“And the responsibility of the Oireachtas, to hold the Government to account, remains. And remains paramount. You reach for the JAAB process, even though you know that that was one of two channels to which names came forth. So please, don’t rehearse that nonsense again.
“That there was horse trading around the position of Attorney General, is not only truthful, it’s a verifiable truth. It played out in the media, Taoiseach, between yourselves, Fine Gael and, let it be said, the Green Party.
“But I hear that you don’t wish to be further embroiled in these questions so the straightfoward and correct and proper thing Ceann Comhairle, to happen, is that the Minister for Justice presents herself and gives an account of those three weeks, between the 27th of June and the 16th of July and sets out, for the satisfaction of this Oireachtas, the process by which four names became one, four applicants became Seamus Woulfe. That is what this Oireachtas demands and deserves.”
Martin: “Sinn Féin has a habit of keep on repeating the above and then asserting that it’s the truth. It’s an untruth, deputy, what you’ve just said. It’s not verifiably true that there was horse trading involving the position of the Attorney General, not verifiably true and stop misleading the House in that regard and deliberately, in my view, creating a story that has no foundation in fact.
“And I do think you should withdraw it. Because I know. Ok? I know that there’s absolutely no relationship between the appointment of the Attorney General Paul Gallagher and the appointment of Justice Woulfe. None.”
Whats the deal – lying would be really high risk for Mary Lou if she got caught.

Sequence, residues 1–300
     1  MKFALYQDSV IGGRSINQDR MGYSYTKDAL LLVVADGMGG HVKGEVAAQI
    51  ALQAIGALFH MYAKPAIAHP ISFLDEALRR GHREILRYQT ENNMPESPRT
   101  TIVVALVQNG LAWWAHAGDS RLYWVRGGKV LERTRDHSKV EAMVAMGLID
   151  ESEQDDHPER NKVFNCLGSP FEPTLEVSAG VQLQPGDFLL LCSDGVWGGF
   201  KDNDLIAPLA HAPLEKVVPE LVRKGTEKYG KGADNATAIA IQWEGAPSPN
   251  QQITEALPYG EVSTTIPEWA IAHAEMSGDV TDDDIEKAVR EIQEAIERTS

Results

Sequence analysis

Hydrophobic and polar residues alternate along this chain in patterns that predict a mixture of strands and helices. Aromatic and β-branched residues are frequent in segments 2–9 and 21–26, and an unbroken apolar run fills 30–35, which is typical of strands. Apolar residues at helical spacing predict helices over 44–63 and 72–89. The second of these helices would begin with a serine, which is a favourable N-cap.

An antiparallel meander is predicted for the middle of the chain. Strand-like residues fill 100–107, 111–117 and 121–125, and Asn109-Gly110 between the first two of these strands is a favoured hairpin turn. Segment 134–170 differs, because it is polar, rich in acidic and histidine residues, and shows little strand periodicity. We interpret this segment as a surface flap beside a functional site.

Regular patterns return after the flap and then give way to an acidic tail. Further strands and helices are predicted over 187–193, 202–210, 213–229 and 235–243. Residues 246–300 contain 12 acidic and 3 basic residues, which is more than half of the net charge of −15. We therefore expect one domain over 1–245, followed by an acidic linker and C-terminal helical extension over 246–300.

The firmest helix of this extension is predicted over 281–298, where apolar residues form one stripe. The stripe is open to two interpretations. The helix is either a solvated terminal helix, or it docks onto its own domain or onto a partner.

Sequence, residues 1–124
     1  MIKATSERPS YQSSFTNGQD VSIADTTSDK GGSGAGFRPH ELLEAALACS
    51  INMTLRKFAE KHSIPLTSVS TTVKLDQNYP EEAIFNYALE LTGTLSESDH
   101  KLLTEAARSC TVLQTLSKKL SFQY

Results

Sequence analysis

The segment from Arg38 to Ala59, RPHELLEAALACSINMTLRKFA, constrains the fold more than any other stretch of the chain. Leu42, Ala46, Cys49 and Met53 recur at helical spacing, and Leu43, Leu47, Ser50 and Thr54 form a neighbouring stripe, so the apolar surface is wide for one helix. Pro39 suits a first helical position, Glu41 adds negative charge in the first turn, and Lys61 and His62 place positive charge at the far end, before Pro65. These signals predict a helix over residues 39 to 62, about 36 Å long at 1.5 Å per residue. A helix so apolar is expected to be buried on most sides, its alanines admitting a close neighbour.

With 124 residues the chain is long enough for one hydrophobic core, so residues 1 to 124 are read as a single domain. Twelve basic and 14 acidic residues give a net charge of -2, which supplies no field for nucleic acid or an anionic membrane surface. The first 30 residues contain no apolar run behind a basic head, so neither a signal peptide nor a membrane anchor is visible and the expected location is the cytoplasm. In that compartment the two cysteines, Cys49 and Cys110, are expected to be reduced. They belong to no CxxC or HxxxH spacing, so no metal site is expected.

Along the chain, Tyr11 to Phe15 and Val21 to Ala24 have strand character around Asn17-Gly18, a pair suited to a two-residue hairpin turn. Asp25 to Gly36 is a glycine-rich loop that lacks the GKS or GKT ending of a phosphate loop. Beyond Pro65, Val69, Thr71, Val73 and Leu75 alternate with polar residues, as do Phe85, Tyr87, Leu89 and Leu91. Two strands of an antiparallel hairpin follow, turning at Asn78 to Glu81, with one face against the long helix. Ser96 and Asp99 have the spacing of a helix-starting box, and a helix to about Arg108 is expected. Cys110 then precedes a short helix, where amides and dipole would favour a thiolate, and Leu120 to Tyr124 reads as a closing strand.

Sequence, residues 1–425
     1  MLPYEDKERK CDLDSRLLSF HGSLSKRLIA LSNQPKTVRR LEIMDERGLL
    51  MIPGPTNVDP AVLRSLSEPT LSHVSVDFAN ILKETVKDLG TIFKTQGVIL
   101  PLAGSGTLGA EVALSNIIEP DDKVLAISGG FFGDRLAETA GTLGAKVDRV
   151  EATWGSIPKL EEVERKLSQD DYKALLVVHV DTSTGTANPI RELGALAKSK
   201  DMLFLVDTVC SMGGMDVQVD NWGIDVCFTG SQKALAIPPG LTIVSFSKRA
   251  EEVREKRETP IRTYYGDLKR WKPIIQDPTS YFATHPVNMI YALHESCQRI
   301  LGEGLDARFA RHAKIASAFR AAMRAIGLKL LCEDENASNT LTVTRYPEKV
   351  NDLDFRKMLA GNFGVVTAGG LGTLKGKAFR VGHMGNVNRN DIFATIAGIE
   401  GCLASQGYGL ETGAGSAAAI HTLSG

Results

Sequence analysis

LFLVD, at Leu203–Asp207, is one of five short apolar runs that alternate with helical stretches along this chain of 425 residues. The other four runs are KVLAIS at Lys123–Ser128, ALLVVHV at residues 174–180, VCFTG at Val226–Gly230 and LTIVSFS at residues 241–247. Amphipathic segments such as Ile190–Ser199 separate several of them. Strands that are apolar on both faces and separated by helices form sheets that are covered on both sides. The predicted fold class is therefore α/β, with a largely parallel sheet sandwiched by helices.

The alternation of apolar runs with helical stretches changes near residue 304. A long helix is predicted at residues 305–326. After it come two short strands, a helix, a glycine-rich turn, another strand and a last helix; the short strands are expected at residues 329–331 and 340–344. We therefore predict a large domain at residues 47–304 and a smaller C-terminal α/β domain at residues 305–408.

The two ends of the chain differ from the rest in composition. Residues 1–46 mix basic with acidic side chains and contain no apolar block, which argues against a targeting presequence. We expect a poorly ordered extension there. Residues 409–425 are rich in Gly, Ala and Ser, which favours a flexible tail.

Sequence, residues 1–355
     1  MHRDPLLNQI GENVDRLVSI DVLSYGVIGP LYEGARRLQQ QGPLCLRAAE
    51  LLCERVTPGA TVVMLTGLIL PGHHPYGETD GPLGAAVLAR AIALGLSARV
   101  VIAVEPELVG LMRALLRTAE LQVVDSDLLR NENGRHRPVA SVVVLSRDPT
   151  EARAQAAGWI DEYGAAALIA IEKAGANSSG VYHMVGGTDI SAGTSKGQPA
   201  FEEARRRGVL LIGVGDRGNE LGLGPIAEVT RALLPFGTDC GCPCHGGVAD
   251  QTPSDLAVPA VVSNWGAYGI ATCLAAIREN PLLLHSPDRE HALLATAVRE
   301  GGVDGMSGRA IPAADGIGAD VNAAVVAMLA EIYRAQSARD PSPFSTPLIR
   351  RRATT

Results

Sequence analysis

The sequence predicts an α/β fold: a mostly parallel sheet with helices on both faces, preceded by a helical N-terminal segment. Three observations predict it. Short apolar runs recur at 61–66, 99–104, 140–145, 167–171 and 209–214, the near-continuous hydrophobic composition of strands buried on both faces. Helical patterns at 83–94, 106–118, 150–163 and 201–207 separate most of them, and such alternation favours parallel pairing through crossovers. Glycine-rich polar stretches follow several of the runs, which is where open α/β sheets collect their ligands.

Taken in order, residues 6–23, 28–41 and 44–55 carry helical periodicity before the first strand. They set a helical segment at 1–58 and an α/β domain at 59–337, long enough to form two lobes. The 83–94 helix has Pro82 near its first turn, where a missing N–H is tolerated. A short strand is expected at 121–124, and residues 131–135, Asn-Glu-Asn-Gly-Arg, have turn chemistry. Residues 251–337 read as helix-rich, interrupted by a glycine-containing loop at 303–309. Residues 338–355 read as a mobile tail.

She wouldn’t need to do it – there’s enough shitty about this Govt.
So has she info?????.#dail
— EUGENE 70 percent (@olddiesel) November 18, 2020
Stories not adding up.
Based on what Minister Helen McEntee said yesterday in committee ( below ) – on what date were you as Taoiseach informed of the proposal to appoint Justice Woulfe.#GolfGate #Dail #HowIrelandWorks https://t.co/nD63qJio3W pic.twitter.com/1yjUMAHPsX
— Mick Caul 😷 (@caulmick) November 18, 2020
During the lengthy political foreplay preceding government formation, Martin let it be known to Leo Varadkar that he was not demanding the choice of justice minister. This was a dual message, indicating firstly that [Jim] O’Callaghan was not going to be in cabinet – justice minister was the logical post for the barrister if he was going to be in cabinet at all.
Secondly, it meant that, if Martin was not going to select a party member as justice minister, he would have the choice of attorney general and he had already determined that [Paul] Gallagher was his man.
The AG’s role is supposed to be legal rather than political, but this simplistic dividing line can become moveable or blurred, with legalistic arguments and interpretations becoming very political and divisive. Martin knows that Gallagher is daunting when faced with difficult arguments from stroppy ministers and their officials and he also knows that Gallagher is his AG – not Varadkar’s.